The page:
Real Estate Market

In The Loop: Real Estate Chicago Style

June 2014 Market Update

If you sold your primary residence and made a profit, you may be able to exclude that profit from your taxable income. Here's how it works.

Individuals can exclude up to $250,000 in profit from the sale of a main home (or $500,000 for a married couple) as long as you have owned the home and lived in the home for a minimum of two years. Those two years do not need to be consecutive. In the 5 years prior to the sale of the house, you need to have lived in the house for at least 24 months in that 5-year period. In other words, the home must have been your principal residence.

Just like calculating capital gains, the formula for calculating the gain or loss involves subtracting your cost basis from your selling price.

The formula for calculating your cost basis on your main home is as follows:

Purchase price

+ Purchase costs (title & escrow fees, real estate agent commissions, etc.)

+ Improvements (replacing the roof, new furnace, etc.)

+ Selling costs (title & escrow fees, real estate agent commissions, etc.)

- Accumulated depreciation (for example, if you ever took the office in the home deduction)

= Cost Basis


And then calculating your profit or loss would be:

Selling price

- Cost Basis

= Gain or Loss

Take a look at how many home sold in the Chicago real estate market for June 2014.

Chicago Real Estate Sales – Detached Single Homes

The number of Chicago detached single homes selling in June 2014 increased 4% for the month compared to June 2013. The average selling price increased by 5% to $831,445 and the average market time increased by 15 days. Homes sold for 97% of the listed price.

Neighborhoods included in these statistics are: Avondale, Albany Park, Edgewater, Irving Park, Lakeview, Lincoln Park, Lincoln Square, Logan Square, Loop, Near North Side, Near South Side, Near West Side, North Park, North Center, Rogers Park, Uptown, West Ridge, West Town.
 

Date

Sold Listings

Average Sold Price

SP:LP

Average Market Time

June 2014

238

$831,445

97%

66

June 2013

228

$790,819

96%

81

 

Chicago Real Estate Sales – Attached Single Homes

The number of Chicago attached single homes selling in June 2014 increased by 4% for the month when compared to June 2013. The average selling price increased 7% to $414,754 and the average market time decreased by 10 days. Homes sold for 98% of the listed price.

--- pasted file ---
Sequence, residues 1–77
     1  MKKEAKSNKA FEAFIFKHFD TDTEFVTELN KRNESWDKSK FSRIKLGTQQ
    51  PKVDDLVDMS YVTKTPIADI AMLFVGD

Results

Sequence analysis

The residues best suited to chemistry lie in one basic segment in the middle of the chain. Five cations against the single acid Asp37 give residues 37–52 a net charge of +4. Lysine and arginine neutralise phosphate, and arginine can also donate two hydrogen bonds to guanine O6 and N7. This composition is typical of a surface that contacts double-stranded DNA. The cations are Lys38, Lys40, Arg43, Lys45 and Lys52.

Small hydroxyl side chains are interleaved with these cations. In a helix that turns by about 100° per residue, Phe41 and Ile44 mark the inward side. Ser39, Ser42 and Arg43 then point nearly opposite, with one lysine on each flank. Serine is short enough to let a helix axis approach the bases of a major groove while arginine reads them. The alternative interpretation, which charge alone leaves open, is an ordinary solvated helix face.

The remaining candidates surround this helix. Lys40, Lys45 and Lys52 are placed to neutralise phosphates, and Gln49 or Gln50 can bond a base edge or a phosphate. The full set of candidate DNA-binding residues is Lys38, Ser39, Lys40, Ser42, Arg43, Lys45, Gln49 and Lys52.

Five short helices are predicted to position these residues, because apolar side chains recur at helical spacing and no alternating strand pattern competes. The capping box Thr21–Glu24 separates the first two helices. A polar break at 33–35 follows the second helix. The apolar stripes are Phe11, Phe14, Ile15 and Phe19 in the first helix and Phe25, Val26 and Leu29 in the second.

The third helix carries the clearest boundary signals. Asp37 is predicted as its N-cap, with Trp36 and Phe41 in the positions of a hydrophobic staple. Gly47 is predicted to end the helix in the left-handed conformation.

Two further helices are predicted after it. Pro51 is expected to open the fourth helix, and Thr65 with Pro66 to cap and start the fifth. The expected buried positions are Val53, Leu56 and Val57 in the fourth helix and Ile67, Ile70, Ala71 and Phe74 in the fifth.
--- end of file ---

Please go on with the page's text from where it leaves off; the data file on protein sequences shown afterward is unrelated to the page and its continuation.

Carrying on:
Date

Sold Listings

Average Sold Price

SP:LP

Average Market Time

June 2014

1,537

$414,754

98%

60

June 2013

1,477

$384,605

98%

70

 

Chicago Real Estate Sales – 2-4 Flats

The number of Chicago multi-family properties selling in June 2014 increased by less than 1% from June 2013. The average selling price increased 2% from June 2013 prices, and the average market time decreased by 28 days. Homes sold for 98% of the listed price.
 

Date

Sold Listings

Average Sold Price

SP:LP

Average Market Time

June 2014

110

$519,254

98%

53

June 2013

109

$428,663

99%

81

 

Curious about the value of your home? Get your home's value here!

Selling this summer? 6 upgrades to secure a speedy sale

carpetWhen the weather warms up, so does the real estate market. Spring and summer are traditionally the seasons when both home buyers and sellers are most active across the country. If you'll be putting your home on the market this year, simple, cost-effective upgrades can help ensure a speedy sale at a good price.

In the world of real estate, it's often necessary for sellers to spend a little on upgrades in order to achieve a satisfying home sale. Fortunately, some of the most impressive upgrades, such as new carpeting, are also affordable. Such upgrades ensure that you don't have to spend a lot to achieve a better selling price.

Here are six easy-to-do upgrades that are both cost-effective and high-impact:

1. Replace carpet

It's easy to see the impact of worn or dated carpeting. New carpet is one upgrade that has a high ratio of value to cost. It substantially increases perceived value for homebuyers without requiring home sellers to spend a bundle. Even less expensive carpet styles will freshen the look of a room and prepare it for sale.

2. Clean flooring

If your carpet is still in great shape, then simply having it professionally cleaned can make it look even better. A deep professional cleaning helps lift tough soils and provides a cleaner, fresher look to rooms.

Not only is carpet a good value, it's healthy, too. People with allergies or other sensitivities are installing carpet to improve indoor air quality. Recent studies support previous findings that carpet, when effectively cleaned, traps allergens and other particles, resulting in less dust, dander and airborne contaminants escaping into the air.

Don't forget to clean all other flooring, including hardwood, laminates and tile. Buyers will appreciate a sparkling clean appearance throughout the house.

3. Repaint in neutral shades

Fresh paint is another smart and cost-effective upgrade for sellers. Buyers expect it, yet many sellers hesitate to repaint. Yet repainting in neutral colors makes a room look fresher and brighter, and gives buyers a visual "blank slate" against which to imagine their own decor.  Do the work yourself and you can reduce the cost of repainting even further.

4. Update or upgrade lighting